The contact structures 126 may be formed and coupled with the conductive structures 104 of the tiers 110 of the stack structure 103 through conventional processes (e.g., conventional material deposition processes, conventional material removal processes), which are not described in detail herein. By way of non-limiting example, openings (e.g., vias, apertures) may be formed (e.g., etched) through the dielectric material 124 at the bottoms (e.g., lower ends) of the apertures 120 (FIG. 9A) to expose contact regions of the underlying conductive structures 104, and then regions (e.g., volumes, open spaces) of the apertures 120 not occupied by remaining portions of the dielectric material 124 may be filled with a conductive material to form the contact structures 126.

Thus, in accordance with embodiments of the disclosure, a method of forming a semiconductor device structure comprises forming a stack structure comprising stacked tiers. Each of the stacked tiers comprises a first structure comprising a first material and an second structure comprising a second, different material longitudinally adjacent the first structure. A patterned hard mask structure is formed over the stack structure. Dielectric structures are formed within openings in the patterned hard mask structure. A photoresist structure is formed over the dielectric structures and the patterned hard mask structure. The photoresist structure, the dielectric structures, and the stack structure are subjected to a series of material removal processes to selectively remove portions of the photoresist structure, portions of the dielectric structures not covered by remaining portions of the photoresist structure, and portions of the stack structure not covered by one or more of the patterned hard mask structure and the remaining portions of the photoresist structure to form apertures extending to different depths within the stack structure. Dielectric structures are formed over side surfaces of the stack structure within the apertures. Conductive contact structures are formed to longitudinally extend to bottoms of the apertures.

Furthermore, in accordance with additional embodiments of the disclosure, a semiconductor device structure comprises a stack structure comprising alternating conductive structures and insulating structures arranged in stacked tiers overlying a substrate, and filled apertures longitudinally extending to different depths within the stack structure. Each of the stacked tiers individually comprises one of the conductive structures and one of the insulating structures. The stack structure is free of stair step structures defined by edges of the stacked tiers. Each of the filled apertures individually comprises at least one dielectric structure substantially covering side surfaces of the stack structure, and at least one conductive contact structure laterally inwardly adjacent the at least one dielectric structure and coupled to one of the conductive structures of the stack structure.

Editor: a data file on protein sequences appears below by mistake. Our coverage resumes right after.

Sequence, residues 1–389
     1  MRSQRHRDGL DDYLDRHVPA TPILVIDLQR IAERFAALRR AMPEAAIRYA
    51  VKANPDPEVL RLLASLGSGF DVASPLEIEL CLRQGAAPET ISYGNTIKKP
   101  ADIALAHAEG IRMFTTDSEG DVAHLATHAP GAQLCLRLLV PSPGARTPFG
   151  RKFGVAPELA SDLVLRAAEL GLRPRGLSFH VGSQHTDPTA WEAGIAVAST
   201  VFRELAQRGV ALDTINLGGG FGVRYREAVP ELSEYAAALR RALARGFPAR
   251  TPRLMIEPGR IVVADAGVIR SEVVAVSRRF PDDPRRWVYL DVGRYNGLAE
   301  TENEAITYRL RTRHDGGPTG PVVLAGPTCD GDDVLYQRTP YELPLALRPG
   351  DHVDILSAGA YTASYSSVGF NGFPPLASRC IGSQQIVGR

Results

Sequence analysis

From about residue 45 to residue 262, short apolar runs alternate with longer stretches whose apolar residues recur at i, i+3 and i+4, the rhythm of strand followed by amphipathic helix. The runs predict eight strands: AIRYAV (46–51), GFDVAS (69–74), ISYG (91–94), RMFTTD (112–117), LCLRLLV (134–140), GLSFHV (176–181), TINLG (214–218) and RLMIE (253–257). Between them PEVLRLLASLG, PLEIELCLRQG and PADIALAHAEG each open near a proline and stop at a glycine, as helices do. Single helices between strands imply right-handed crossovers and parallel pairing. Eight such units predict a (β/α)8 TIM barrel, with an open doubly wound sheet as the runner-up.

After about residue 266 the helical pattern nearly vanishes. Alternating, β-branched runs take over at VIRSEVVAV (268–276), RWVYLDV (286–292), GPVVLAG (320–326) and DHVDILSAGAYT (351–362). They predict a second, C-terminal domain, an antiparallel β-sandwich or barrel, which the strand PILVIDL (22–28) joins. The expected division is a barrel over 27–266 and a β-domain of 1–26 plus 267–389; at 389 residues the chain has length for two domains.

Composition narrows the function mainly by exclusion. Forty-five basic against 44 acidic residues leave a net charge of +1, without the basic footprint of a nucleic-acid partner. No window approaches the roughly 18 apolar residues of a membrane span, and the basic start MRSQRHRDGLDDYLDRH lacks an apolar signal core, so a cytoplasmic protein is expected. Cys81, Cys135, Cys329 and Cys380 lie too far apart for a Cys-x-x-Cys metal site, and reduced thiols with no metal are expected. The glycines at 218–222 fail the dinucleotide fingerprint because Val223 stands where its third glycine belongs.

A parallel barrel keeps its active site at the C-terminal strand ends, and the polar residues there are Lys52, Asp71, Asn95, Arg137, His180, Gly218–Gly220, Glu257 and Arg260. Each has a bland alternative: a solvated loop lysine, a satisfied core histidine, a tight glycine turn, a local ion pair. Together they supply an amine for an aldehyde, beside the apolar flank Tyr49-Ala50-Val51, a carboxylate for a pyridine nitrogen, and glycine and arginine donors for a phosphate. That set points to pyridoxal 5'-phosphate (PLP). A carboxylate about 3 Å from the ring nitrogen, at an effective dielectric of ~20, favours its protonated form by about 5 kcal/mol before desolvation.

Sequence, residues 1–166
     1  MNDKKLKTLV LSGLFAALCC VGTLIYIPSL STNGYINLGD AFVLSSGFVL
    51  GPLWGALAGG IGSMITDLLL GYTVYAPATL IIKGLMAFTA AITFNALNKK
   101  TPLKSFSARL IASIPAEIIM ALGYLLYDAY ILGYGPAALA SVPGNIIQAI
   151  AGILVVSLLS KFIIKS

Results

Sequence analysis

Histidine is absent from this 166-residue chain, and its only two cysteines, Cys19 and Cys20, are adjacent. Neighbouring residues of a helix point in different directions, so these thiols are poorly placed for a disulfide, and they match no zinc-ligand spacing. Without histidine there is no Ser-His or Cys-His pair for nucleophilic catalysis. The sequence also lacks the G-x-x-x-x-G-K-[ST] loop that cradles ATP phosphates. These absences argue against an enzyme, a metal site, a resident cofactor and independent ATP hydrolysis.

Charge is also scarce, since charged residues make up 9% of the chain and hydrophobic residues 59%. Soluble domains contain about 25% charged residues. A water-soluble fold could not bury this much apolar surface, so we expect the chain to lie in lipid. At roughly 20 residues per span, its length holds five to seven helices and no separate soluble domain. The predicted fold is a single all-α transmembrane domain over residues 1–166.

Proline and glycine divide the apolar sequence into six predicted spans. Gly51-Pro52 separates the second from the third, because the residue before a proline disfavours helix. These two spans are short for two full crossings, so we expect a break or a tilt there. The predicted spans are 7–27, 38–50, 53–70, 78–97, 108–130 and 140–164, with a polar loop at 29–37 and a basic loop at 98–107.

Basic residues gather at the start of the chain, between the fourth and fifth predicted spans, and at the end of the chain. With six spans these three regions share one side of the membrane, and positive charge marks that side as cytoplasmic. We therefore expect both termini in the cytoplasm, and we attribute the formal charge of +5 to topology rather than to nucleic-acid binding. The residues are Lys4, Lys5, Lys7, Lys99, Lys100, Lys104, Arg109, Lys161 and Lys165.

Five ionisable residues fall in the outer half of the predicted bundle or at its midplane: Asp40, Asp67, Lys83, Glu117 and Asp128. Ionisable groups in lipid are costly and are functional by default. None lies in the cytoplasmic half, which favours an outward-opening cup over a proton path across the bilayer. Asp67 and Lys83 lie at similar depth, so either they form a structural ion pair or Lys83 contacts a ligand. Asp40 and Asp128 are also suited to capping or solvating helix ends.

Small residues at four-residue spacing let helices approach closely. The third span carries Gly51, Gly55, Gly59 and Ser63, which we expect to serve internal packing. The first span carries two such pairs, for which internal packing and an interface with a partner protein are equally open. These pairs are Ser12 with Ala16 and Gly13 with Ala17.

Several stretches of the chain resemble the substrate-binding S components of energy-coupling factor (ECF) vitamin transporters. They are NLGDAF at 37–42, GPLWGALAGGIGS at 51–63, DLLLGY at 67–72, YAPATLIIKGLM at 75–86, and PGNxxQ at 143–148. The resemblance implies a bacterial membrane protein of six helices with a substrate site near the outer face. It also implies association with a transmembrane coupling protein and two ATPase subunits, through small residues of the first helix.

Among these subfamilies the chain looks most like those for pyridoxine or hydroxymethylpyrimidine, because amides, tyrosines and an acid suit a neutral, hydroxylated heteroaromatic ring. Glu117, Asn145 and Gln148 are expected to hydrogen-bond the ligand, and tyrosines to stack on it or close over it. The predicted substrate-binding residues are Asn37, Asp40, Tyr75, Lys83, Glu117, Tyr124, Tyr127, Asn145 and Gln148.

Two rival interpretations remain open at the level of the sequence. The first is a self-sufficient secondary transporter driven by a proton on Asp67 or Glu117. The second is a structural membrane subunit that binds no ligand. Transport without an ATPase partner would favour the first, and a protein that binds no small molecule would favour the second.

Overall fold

FIG. 11 illustrates a partial cutaway perspective view of a portion of a semiconductor device 200 (e.g., a vertical memory device, such as a 3D NAND Flash memory device) including at least one semiconductor device structure 202 having a stack structure 203 including tiers 210 of conductive structures 204 and insulating structures 206, and contact structures 226 electrically connected to the conductive structures 204 of the tiers 210 of the stack structure 203. The semiconductor device structure 202 may be free of stair step structures formed therein. The semiconductor device structure 202 (e.g., including the stack structure 203 having the tiers 210 of the conductive structures 204 and the insulating structures 206, and the contact structures 226) may be substantially similar to and may be formed in substantially the same manner as the semiconductor device structure 100 (e.g., including the stack structure 103 having the tiers 110 of the conductive structures 104 and the insulating structures 106, and the contact structures 126) previously described in with respect to FIGS. 1A through 10C. The semiconductor device 200 may further include vertical strings 212 of memory cells 214 coupled to each other in series, data lines 216 (e.g., bit lines), a source tier 218, access lines 208, first select gates 220 (e.g., upper select gates, drain select gates (SGDs)), select lines 222, a second select gate 224 (e.g., a lower select gate, a source select gate (SGS)), and additional contact structures 228. The vertical strings 212 of memory cells 214 extend vertically and orthogonal to conductive lines and tiers (e.g., the data lines 216, the source tier 218, the tiers 210 of the stack structure 203, the access lines 208, the first select gates 220, the select lines 222, the second select gate 224), and the contact structures 226 and the additional contact structures 228 may electrically couple components to each other as shown (e.g., the select lines 222 to the first select gates 220, the access lines 208 to the tiers 210 of the stack structure 203 of the semiconductor device structure 202). The semiconductor device 200 may also include at least one control device 230, which may include one or more of string driver circuitry, pass gates, circuitry for selecting gates, circuitry for selecting conductive lines (e.g., the data lines 216, the access lines 208), circuitry for amplifying signals, and circuitry for sensing signals. The control device 230 may, for example, be electrically coupled to the data lines 216, source tier 218, access lines 208, first select gates 220, and second select gate 224, for example.